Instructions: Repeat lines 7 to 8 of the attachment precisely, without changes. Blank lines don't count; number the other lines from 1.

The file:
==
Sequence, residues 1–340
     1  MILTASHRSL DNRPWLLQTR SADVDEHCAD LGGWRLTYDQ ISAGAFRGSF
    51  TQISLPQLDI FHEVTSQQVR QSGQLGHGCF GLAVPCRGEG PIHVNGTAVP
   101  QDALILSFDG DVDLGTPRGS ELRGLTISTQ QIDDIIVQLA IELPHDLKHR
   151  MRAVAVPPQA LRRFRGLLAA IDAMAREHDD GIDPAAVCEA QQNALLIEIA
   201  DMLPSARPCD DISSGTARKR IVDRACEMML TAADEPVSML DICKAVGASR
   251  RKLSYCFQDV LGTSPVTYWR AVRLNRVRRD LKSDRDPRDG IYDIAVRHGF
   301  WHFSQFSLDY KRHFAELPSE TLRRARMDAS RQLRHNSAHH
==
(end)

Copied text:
   251  RKLSYCFQDV LGTSPVTYWR AVRLNRVRRD LKSDRDPRDG IYDIAVRHGF
   301  WHFSQFSLDY KRHFAELPSE TLRRARMDAS RQLRHNSAHH